Balda Baldessa Special Feature


Balda Baldessa 1


Camera type: Compact viewfinder

Lens Type: Baldinar 45mm f2.8 - f16

Shutter Type: Prontor SVS 9 Speed + B 1,2,4,8,15,30,60,125,300


This is a gem of a camera and the condition of it belies its age, it looks and performs like a new camera. You will probably have noticed the uncluttered top this is because all the controls are underneath. (see inset below) The viewfinder window is on the left in this picture, the ghosted window on the right is the reflected bright frame, which puts the viewfinder in an unusual position but this seems to make the camera more stable to hold.


The winder is the turnkey on the right and, if you look closely, under the lens housing is a lever. When you move this the arm on the left flips over to become the rewind crank. Quite unusual but with practice it's a very nice system and beautifully engineered.

And so...to the pictures.

A bright afternoon beckoned and I loaded up the camera and took off for Tewkesbury. By the time I had arrived the sun had gone into hiding and the town was not at all as I expected. There's lots of nice old Cotswold architecture but most of it is either cluttered up by cars and stuff or it's just too close to get in the lens. I did manage to get a couple of shots as you can see here but with it being a Sunday afternoon there was little open and nothing in the line of refreshment, surprising for a tourist town, so I settled for these shots and headed for home.


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Another day, another subject. I was chatting with friends on Saturday evening and mention was made of a turning leading off Savernake Forest which goes to a spot on the Kennett and Avon Canal. When I got home I dug out the OS map and found a village called Wootton Rivers, this must be it. Sunday came along and with it the sunshine, it was blazing, and off I headed for the forest. I found the turning and as I drove down the lane it started to narrow and narrow and narrow until the mirrors were almost touching the sides but I pressed on. It was like going through a time warp when the lane finally opened up it came out into a village that looked untouched for centuries. Further into village I came upon the customary village hall, which doubled up as a library one day a week, and there was parking space for about 3 cars. Time to abandon the car and head out on foot. What an amazing place, helped by the brilliant sunshine, thatched cottages all around and the only thing moving is a local moggie. Just a little way further down the lane I came upon the canal bridge and a lock. Time for a wander along the canal to grab a few shots then back up into the village. On the way back I notice a board for the local church but no church, however there is a gated path. through the gate and up the path about 50 yards and there is the church tucked in behind the houses. A sad indictment to today's society is that even in a remote place like this the door has to be protected from vandalism by a huge steel mesh. I finished of my visit with a stroll up through the village to take a few pictures of the cottages and back to the car. Arriving back I realised that I had forgotten to reset the focus after a couple of close up shots on the canal which meant that all of the shots in the village are likely to be wildly out of focus. In the event they are not too bad and with a bit of help from software have been brought up to passable.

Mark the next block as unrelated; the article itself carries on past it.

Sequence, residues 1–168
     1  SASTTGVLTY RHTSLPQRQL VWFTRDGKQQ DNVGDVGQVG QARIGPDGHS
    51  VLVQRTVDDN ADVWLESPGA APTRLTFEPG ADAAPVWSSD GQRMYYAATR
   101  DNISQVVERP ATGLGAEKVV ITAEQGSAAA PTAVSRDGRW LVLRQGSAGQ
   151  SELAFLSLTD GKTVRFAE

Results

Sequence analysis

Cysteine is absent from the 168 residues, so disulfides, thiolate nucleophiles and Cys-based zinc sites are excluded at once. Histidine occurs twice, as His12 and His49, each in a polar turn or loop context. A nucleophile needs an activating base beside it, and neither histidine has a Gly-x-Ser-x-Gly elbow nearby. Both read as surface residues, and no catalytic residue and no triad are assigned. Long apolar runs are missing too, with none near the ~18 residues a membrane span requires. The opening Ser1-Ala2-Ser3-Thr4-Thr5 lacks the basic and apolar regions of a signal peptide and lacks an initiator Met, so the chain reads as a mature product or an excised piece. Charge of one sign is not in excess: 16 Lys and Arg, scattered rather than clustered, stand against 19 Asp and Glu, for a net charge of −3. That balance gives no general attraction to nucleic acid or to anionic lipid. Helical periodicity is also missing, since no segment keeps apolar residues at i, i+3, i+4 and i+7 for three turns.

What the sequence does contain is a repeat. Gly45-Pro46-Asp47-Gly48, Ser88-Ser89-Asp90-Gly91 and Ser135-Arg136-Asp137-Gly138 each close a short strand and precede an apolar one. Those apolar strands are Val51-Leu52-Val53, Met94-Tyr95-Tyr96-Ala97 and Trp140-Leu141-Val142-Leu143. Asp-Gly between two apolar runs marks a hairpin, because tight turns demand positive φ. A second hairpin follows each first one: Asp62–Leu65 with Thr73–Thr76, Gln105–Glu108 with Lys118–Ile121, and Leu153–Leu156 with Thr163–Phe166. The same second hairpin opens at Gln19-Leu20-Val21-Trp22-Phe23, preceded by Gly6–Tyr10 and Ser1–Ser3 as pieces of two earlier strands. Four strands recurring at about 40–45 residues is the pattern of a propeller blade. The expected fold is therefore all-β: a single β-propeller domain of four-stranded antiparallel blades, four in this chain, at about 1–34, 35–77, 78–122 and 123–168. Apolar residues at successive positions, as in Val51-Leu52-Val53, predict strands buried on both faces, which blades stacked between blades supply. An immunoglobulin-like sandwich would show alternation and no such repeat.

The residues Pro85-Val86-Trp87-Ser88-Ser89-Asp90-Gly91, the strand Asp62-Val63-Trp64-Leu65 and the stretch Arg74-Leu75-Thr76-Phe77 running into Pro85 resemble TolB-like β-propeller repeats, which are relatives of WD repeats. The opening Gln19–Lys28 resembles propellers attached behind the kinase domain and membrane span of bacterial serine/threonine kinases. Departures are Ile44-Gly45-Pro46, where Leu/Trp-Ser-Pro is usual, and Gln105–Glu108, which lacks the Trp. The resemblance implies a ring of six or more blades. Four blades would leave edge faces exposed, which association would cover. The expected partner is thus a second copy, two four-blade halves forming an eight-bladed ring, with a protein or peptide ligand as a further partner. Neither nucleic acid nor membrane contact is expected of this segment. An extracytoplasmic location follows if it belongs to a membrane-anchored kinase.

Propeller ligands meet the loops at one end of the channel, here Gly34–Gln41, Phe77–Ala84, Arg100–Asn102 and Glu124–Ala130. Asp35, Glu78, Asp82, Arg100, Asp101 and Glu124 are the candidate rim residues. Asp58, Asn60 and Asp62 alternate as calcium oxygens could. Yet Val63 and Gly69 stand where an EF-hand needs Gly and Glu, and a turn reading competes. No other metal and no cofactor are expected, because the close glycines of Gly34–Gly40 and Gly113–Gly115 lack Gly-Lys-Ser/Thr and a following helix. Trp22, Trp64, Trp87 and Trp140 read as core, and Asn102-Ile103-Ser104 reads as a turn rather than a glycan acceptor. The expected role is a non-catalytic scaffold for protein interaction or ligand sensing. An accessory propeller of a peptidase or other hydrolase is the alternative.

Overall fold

Unusually for me I had loaded a 36 frame roll of film, I had a sense of confidence with this camera, and still had some to use up so I took it up to Banbury the next weekend. Looking on the map for a place, I settled on Farnborough Hall and off I went. Upon arrival I drove into the village centre and found somewhere to park and gathered up my gear. As i headed off to get some pictures of the hall I followed what seemed to be a footpath on the map leading me left at the main road and around a huge perimeter wall. What felt like miles later I ended up in a field with no sign of the house but I still had this wall alongside me. I presumed that this was going to be another one of those stately homes which has been converted for corporate use and no public access was allowed so I headed back towards the car. When I got back to the turning into the village I thought I would just walk a little way down the road the other way. Well, knock me down with a feather, 30 yards past this point I'm looking through a gateway down the main drive of the house and as I continued around the corner I discovered that the whole village was governed by the National Trust and the house and grounds are open to the public. Not only that but from this side of the house there is a large common land leading to a huge lake surrounded by woodland, a really beautiful place. so much so there was a lady sitting on the common behind her easel painting the scene in watercolours. By now I had used up the time I had available and the house was due to close within half an hour, so I have made a mental note to return another day. Meanwhile I did manage a few pictures but due to the scale of the place I've had to zoom and crop for detail.


The Village



The side view


The Main Drive


The lake

To sum up, this is a camera that absolutely astounded me in all respects. The condition is fantastic, the handling was great and the results are superb. I look forward to using it again.



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